Date of Award
Level of Access Assigned by Author
Master of Science (MS)
Second Committee Member
Third Committee Member
Transformations in the ways we relate to the ocean are long overdue given the myriad of anthropogenic problems that exist – from overfishing to plastic pollution and acidification to ‘slavery-at-sea ’ and loss of access and fishing rights. Yet alongside the hegemonic modes of ocean exploitation exist diverse alternative economies, including those associated with alternative seafood networks, that aim to create different and more-than-economic relationships with marine systems. To situate my research within the broader literature, I interpret the widely used Brundtland Report definition of sustainability, “meet[ing] the needs of the present without compromising the ability of future generations to meet their own needs” (WCED 1987, p. 43), as intra- and inter-generational justice, in line wit h Gottschlich and Bellina (2016), Fredericks (2012), and Baumgartner and Quaas (2010). My thesis begins in Chapter 1with an examination of food security through a sustainability-as-justice lens, incorporating an analysis of seafood production compared to undernourishment by country, a literature review of the transformative potential of alternative seafood networks, and policy and market-based recommendations for U.S. practitioners. For Blue Transformation, the Food and Agriculture Organization of the United Nation’s plan foraquatic food systems from 2022-2030 (FAO 222), t o meaningfully contribute to food security as intended, a sustainability-as-justice lens is necessary to ensure procedural, distributive, and recognitive forms of justice important to the pillars of food security. This justice lens ultimately calls into question afundamental normative assumption of sustainable development –economic growth. In Chapter 2, I present results from participatory action researchas a participatory and emancipatorymethod–a way of enacting sustainability-as-justice. Questioning the extent of justice enacted through existing seafood sustainability certifications and motivated by the desire of seafood enterprise operators to hold themselves accountable and apart from a seafood system they seek to transform, this research lays the groundwork for an alternative to existing third-party seafood certifications. This research was inspired by Participatory Guarantee Systems, a peer-reviewed alternative to Organic certification for small-scale and alternative agricultural producers. Through this collaborative project, I worked with members of the Local Catch Network, a community-of-practice made up of alternative seafood networks from across the United States and Canada. Together, wecreateda self-evaluationtool to help seafood enterprise operatorsevaluate their practices in relationship to the Local Catch Network’snine core values, which encompass social, economic, and environmental sustainability. The output from this tool includes a set of103 accountability indicators that encompass multiple facets of justice and have the potential to form the basis for a seafood specific Participatory Guarantee System. By incorporating indicators both related to individual business practices and levels of collaboration in advocacy, this research sets up a system for future analysis of the capability of alternative seafood networks to both self-transform as well as to create change in the wider seafood system.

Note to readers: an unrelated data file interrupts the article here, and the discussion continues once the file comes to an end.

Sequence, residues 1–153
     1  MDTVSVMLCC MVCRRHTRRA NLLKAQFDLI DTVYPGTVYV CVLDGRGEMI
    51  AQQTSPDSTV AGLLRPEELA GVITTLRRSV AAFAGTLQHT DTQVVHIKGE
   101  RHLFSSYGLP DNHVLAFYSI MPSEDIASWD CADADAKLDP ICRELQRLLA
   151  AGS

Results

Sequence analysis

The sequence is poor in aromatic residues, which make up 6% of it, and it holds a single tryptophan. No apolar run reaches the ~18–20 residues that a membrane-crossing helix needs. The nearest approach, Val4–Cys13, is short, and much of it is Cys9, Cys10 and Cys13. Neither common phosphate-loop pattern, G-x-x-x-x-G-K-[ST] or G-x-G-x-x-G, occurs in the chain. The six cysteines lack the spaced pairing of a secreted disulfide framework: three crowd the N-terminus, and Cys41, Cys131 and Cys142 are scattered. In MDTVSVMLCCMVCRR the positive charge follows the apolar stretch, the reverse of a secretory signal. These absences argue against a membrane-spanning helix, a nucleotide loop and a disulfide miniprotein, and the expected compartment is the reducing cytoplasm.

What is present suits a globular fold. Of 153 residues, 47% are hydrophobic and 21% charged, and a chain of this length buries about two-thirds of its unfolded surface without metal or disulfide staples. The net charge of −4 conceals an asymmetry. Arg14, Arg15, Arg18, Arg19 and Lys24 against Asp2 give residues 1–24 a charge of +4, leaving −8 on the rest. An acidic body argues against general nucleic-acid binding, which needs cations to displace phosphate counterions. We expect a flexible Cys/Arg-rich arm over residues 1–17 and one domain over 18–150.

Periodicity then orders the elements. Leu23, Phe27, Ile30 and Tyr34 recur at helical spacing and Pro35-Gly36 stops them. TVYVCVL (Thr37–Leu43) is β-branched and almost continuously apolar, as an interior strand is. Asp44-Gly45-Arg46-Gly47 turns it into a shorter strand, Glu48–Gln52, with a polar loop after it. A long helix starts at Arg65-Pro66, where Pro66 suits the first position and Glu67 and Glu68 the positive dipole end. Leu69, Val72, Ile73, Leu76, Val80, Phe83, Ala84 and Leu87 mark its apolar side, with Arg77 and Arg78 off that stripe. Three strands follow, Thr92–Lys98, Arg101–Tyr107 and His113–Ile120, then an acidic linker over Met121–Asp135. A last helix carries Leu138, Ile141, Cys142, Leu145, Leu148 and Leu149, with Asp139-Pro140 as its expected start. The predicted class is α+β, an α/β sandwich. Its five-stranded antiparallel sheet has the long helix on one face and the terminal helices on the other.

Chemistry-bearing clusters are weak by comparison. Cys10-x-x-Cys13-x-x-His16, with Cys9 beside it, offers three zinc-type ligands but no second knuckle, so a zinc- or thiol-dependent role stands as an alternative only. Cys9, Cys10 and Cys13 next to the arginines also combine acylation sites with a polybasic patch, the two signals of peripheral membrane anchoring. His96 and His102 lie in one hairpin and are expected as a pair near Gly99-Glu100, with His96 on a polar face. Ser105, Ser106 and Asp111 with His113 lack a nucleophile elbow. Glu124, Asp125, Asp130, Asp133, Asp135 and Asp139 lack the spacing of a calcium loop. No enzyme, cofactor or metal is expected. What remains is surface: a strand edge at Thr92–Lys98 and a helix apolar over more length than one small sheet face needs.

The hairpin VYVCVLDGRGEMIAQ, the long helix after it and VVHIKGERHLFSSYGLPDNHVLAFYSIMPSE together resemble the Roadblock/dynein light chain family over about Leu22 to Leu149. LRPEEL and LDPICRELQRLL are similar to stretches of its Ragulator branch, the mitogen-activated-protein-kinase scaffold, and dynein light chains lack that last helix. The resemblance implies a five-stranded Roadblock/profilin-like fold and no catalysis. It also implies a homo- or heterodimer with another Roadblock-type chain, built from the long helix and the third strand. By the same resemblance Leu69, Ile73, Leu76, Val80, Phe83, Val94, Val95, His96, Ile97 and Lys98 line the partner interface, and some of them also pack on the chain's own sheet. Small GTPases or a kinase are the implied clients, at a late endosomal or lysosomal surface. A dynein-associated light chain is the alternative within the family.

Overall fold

Henriques, Paloma, "Sustainability as Justice Engaging With North American Alternative Seafood Networks Through Participatory Action Research" (2022). Electronic Theses and Dissertations. 3687.